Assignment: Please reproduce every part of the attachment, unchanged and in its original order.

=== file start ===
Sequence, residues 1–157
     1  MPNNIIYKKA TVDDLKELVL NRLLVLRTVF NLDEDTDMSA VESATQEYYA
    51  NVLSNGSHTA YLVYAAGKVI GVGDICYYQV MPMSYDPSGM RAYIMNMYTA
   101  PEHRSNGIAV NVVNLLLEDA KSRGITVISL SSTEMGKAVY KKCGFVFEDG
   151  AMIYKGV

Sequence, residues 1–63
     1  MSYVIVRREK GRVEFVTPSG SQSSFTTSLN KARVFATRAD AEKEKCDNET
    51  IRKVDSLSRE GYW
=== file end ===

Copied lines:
Sequence, residues 1–157
     1  MPNNIIYKKA TVDDLKELVL NRLLVLRTVF NLDEDTDMSA VESATQEYYA
    51  NVLSNGSHTA YLVYAAGKVI GVGDICYYQV MPMSYDPSGM RAYIMNMYTA
   101  PEHRSNGIAV NVVNLLLEDA KSRGITVISL SSTEMGKAVY KKCGFVFEDG
   151  AMIYKGV

Sequence, residues 1–63
     1  MSYVIVRREK GRVEFVTPSG SQSSFTTSLN KARVFATRAD AEKEKCDNET
    51  IRKVDSLSRE GYW